Blue Collar Broadcast

American Poets
Interview Series

Beaver Dam Rocking Chair Marathon

Tapping My Own Phone

Blue Collar Boom


Ron Whitehead

Ron's bio

Excerpts | Companion CD | Marathon Tour

Your grandfather was a fundamentalist Baptist preacher or Pentecostal?

Holy roller. "Pentecostal" is kind of a formal way of stating it. Holy roller. "Holy" and "roller"-- both important words. They like to be called "holy roller" because that's what they did. They entered into this holy state of being, this communion with the holy spirit. They rolled on the floor. They spoke in tongues, some of them had seizures. They had visions. They had ecstatic experiences. Altered states of consciousness.

"Give me that church of the holy spook"
--Shane McGowan

Do you relate that to rock and roll?

Oh, I think so. People would dance on chairs with music playing loud: guitars, banjos, tambourines, pianos, people singing at the top of their voices. It's a way to vent all that sublimated energy-- sexual, spiritual, whatever-- to hopefully-- if you bel ieve it-- to communicated it with, unite it with, consummate a relationship with your god. My God! That's like having some kind of sacred pleasure with God.

Did you get swept up in it when you were younger?

I got swept up in it from the point-of-view of the observer. I wasn't able to release that kind of energy until much later. The first inkling of that energy was when I saw Elvis Presley on the Ed Sullivan Show and my parents said, "Turn it off." That ene rgy scared middle class America. But truly, when I saw and heard the Beatles is when that electric energy-- just like a cattle prod-- you turn that thing on a stick a cow in the ass, they don't stand there; they jump. By God, that's what I did. I got up. I wanted to move. I had goose bumps all over me. The hairs stood up on the back of my neck. I was able to experience then, as a teenager, what the holy rollers experienced--what I witnessed as a child. We'd play ball at night down at the baseball park at Centertown (pop. 323) and they'd start singing up on the hill at the Holy Roller Church. Some of us boys would slip off and we'd walk up there and look in the windows. Within an hour they'd be in their fits. I'll never forget the night my dad pulled up an d told my brother and me, "Don't say anything." And we watched.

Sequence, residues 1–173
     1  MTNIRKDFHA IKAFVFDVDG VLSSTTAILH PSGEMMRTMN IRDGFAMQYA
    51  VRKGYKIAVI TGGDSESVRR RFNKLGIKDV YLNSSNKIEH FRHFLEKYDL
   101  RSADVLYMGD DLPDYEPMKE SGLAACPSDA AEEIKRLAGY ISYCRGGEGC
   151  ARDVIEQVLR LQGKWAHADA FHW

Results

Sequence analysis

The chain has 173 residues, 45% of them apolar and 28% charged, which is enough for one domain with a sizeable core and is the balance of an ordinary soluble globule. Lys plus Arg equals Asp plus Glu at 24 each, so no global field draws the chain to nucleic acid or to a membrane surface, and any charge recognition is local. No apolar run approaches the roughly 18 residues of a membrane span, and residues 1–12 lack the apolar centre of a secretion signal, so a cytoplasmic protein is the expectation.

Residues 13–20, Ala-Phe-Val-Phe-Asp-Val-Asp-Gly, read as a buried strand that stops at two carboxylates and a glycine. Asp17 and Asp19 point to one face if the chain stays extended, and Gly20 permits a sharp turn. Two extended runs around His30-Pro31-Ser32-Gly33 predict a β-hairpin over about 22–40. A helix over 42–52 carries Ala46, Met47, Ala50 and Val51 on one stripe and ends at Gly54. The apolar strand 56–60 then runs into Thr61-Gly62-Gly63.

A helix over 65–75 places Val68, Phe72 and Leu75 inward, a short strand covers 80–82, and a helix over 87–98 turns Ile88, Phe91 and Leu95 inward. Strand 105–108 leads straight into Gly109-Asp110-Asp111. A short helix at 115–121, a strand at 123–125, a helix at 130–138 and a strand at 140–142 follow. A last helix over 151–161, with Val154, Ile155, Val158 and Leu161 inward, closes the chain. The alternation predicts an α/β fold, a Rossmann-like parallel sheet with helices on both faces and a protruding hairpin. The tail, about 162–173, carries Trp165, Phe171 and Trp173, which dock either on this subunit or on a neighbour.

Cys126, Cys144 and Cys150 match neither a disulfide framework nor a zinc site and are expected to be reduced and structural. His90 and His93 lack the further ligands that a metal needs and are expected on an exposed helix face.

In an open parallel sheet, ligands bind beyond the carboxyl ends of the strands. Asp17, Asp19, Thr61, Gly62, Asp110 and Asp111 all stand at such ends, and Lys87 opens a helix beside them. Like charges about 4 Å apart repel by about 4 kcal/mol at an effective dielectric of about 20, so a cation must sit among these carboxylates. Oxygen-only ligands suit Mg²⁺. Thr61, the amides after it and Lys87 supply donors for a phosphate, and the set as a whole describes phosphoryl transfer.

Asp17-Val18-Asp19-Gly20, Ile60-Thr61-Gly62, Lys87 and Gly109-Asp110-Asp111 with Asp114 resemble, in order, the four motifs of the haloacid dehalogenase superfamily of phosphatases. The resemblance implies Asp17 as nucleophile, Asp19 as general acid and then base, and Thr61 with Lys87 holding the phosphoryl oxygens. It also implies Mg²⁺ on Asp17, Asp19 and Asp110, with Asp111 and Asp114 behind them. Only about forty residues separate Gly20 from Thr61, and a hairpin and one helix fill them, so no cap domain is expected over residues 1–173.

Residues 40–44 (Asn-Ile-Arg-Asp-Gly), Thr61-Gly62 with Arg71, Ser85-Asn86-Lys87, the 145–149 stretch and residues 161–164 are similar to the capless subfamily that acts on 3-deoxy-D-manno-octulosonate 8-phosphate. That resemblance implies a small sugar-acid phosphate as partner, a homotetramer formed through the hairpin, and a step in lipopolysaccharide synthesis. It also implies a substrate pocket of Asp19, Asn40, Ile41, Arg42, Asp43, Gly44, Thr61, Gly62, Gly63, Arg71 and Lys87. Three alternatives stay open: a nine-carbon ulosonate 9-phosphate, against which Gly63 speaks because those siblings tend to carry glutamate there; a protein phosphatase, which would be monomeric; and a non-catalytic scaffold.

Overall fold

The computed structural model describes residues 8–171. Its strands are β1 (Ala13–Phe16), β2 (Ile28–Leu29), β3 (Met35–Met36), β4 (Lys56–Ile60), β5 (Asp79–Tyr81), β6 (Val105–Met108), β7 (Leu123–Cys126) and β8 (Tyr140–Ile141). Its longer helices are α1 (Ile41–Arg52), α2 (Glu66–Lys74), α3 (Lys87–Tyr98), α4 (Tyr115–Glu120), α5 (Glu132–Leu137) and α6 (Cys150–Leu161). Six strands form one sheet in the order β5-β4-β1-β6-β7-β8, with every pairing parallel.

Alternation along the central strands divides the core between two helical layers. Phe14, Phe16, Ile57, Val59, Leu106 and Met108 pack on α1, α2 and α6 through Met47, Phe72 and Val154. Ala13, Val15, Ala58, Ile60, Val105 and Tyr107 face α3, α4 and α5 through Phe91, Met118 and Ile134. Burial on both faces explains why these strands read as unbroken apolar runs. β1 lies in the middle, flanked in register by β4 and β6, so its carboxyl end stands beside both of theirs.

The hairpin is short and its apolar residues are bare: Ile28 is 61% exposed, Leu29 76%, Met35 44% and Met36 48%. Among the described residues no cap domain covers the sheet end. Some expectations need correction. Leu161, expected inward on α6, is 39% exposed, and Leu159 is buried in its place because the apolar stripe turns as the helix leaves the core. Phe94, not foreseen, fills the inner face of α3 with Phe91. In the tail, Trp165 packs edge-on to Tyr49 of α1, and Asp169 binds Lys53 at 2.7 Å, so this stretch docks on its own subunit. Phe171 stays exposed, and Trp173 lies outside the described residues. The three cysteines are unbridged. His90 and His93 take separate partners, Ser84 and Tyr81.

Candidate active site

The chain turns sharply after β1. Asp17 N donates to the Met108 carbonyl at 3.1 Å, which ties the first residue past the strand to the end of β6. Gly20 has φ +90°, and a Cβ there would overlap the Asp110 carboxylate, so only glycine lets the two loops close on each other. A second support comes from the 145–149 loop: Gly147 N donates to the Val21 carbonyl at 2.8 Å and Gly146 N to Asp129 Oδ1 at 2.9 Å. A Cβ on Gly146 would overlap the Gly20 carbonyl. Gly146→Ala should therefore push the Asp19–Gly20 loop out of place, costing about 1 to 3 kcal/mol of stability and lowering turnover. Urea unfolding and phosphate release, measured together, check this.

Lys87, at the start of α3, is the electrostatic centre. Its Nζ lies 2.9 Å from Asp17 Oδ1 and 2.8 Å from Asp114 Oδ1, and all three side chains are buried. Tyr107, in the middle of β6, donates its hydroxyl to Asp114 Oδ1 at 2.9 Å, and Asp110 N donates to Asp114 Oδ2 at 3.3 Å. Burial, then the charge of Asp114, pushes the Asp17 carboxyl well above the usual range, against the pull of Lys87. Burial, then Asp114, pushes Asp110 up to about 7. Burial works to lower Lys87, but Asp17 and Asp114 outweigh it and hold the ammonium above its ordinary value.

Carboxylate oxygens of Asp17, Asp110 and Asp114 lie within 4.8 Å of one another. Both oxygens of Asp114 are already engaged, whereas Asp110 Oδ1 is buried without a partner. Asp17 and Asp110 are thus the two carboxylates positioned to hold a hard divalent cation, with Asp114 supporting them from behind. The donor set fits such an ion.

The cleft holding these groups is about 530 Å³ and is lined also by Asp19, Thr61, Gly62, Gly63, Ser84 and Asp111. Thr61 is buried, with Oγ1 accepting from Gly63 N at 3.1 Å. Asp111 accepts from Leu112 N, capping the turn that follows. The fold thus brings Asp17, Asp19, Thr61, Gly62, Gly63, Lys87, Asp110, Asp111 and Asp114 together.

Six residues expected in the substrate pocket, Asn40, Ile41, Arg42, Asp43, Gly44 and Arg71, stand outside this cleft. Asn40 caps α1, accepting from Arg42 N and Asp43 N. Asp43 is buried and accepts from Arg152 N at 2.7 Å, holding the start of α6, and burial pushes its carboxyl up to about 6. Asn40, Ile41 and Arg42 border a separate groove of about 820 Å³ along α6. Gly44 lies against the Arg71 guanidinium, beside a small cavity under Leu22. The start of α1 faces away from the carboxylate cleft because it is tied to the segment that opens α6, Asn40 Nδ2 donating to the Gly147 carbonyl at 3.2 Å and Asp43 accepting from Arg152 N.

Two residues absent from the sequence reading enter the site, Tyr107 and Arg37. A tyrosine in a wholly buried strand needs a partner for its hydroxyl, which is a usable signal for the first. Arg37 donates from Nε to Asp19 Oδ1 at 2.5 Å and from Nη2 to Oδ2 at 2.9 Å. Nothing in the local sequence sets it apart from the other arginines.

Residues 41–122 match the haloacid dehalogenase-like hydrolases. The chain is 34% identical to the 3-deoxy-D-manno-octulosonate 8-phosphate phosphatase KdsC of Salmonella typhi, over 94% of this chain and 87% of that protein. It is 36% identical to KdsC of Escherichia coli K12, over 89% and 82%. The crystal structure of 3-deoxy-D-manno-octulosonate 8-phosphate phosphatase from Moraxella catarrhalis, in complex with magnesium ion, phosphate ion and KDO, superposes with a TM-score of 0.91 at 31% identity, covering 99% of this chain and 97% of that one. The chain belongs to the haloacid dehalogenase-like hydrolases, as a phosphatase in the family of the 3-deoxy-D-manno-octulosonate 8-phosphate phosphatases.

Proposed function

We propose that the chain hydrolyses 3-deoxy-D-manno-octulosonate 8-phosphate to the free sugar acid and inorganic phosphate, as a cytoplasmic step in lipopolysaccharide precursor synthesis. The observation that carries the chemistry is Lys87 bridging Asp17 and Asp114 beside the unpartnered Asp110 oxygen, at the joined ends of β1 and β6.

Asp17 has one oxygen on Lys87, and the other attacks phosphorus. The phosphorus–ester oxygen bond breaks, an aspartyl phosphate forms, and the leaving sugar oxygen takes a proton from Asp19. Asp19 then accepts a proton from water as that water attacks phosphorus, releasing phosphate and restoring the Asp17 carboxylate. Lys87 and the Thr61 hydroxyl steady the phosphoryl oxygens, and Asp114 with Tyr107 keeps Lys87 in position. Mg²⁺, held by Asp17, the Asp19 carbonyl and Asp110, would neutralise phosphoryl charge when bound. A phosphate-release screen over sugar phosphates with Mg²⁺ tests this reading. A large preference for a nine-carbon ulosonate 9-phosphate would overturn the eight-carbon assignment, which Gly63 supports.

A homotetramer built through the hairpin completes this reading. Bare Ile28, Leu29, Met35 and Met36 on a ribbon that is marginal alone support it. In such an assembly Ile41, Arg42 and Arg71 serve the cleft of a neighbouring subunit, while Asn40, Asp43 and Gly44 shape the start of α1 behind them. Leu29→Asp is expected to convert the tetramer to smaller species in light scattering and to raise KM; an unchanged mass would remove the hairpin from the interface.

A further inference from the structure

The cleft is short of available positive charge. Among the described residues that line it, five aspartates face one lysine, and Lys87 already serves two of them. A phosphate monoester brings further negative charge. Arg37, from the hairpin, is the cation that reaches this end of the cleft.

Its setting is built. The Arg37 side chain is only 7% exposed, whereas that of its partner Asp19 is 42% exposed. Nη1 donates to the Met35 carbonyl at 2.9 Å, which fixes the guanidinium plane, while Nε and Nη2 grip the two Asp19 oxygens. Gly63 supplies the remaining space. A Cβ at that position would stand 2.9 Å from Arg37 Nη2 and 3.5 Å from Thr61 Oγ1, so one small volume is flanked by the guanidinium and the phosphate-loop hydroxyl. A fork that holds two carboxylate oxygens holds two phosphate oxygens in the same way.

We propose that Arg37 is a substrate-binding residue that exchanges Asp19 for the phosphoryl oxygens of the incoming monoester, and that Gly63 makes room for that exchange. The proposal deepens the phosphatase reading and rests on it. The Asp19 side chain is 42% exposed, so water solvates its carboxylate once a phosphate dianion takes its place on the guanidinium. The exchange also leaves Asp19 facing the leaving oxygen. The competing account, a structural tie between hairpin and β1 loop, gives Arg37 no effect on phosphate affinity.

Was there some kind of break in your family when your dad rejected the Holy Rollers?

I don't know. My parents felt like the Holy Rollers were just too radical. They went to the other extreme in our community which was-- and most people'd laugh at this-- the Baptist Church. Some people think automatically-- Baptists, Holy Rollers, Penteco stal-- they're pretty similar, right? Well no, they're not. Baptists are kind of liberal compared to the Holy Rollers. And the other thing was, they went to the other extreme with their energy level. If anyone let out so much as a peep during the church s ervice, fifty people turned around and stared you down. So I was shocked as a boy when finally-- this was when I was nine or ten-- I hadn't heard anything like this before- Matthew Tichner brought his gospel quartet to our church. And Mrs. Duncan played o n the piano like I'd never heard her before. She banged the hell out of that piano! I thought she was gonna tear it up. She was my third grade English teacher and I'd never seen her behave like this in the classroom. She was raising her arms up and slammi ng down on that piano. These guys sang their hearts out and I was excited about that gospel music.

1. Intro
2. Church of the holy spook
3. What was all that noise about?
4. Western Kentucky: late 1960's

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